follow ben kenobi to sort of pursue a lifetime in the force, to become a jedi. he makes that choice in the first third of the movie. >> you must learn the ways of the force, if you are to come with me to alderaan. >> alderaan? i'm not going to alderaan, i've got to get home, it's late, i'm in for it as it is! >> i need your help luke. >> the second movie, luke makes the big choice that he's going to abandon his training and go try to rescue his friends, exactly dead in the middle. >> luke. you must complete the training. >> i can't keep the vision out of my head, they're my friends i've got to help them. >> you must not go. >> but han and leia will die if i don't. >> the third movie, he makes the choice that he's not going to kill his father, the choice that the three movies have been leading up to. and he makes it at the end. and there's this beautiful progressive symmetry, first third, half, final third. and the movies work elegantly. and these are the kind of hidden structures that allow dramas like these to hang together, even if someone doesn't recognize them happening. a part
painting. in the beginning i always made the grid the same. >> rose: 20. >> yesinhe benning i started with -- i made all the decisions of -- big decisions about what the whole thing was going to be so the spots are equal to the gap between the spots, no two colors are the same and i think this is the first one where i just turn the grid 90 degrees and you get like the grid's off center. >> rose: speak to this idea that an artist needs to get the public's attention. >> i always think that you have to get people listening to you before you can change their minds. i suppose when i came into -- my idea originally was, you know, i'm just going to pai d i'm going to put the paintings in the corner of the studio and if i get discovered great and if i don't maybe i'll be lucky and they'll discover it after i'm dead. >> rose: a kind of van gogh thing. >> i suppose. then you look at the world and you think that's not what the world's about. at my art school in london they just said "you need an audience." we worked it out. all you have to do is get a white building -- a building, paint it white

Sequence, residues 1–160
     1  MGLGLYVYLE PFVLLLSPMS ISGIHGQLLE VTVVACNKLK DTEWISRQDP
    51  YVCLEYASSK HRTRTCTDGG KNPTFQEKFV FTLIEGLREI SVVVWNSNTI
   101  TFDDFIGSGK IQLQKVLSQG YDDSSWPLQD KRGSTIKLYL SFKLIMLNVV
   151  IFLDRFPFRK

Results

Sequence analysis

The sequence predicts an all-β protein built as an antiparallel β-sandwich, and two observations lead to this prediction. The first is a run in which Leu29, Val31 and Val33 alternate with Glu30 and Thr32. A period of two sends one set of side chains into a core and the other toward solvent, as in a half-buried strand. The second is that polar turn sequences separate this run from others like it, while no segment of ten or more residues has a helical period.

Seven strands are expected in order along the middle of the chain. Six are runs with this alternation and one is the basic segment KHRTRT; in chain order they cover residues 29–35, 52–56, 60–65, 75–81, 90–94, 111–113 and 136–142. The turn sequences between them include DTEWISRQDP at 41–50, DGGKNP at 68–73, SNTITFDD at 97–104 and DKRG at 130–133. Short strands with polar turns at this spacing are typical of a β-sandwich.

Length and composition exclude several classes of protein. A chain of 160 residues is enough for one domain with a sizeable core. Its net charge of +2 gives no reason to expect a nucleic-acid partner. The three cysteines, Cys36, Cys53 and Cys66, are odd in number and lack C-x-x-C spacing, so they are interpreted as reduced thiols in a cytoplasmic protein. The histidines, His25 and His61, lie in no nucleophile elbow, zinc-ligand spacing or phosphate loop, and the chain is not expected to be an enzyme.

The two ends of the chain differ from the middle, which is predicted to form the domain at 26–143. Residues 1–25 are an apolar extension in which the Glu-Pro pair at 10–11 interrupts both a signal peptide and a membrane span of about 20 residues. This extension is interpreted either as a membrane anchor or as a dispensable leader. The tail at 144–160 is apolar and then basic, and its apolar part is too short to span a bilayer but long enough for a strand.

by a wide margin, and replaces retiring democrat ben nelson. deb fischer, welcome and congratulations. >> thank you, judy. great to be here. >> woodruff: given the spectacle we're watching in the congress right now and the last few years and the low regard we know the american hold of congress, are you sure you want this job? >> oh, yes. there is so much that we need to do. we just need to roll up our sleeves and get to work. in nebraska we're very fortunate. we have a nonpartisan unicamral. we have experience with working with republicans and democrats. we've been able to get a lot done in nebraska. i hope i can bring that here to washington as well. >> woodruff: you obviously have not been a part of the senate that has been voting the last few days, but if you were sitting in the senate right now, would you have voted for the version of the fiscal cliff deal that the senate voted on last night? >> i haven't been part of those discussions. like most americans, i find it very, very frustrating to watch it. it's not what we expected. i can tell you that. the spending is a problem. when
Search Results 0 to 7 of about 8 (some duplicates have been removed)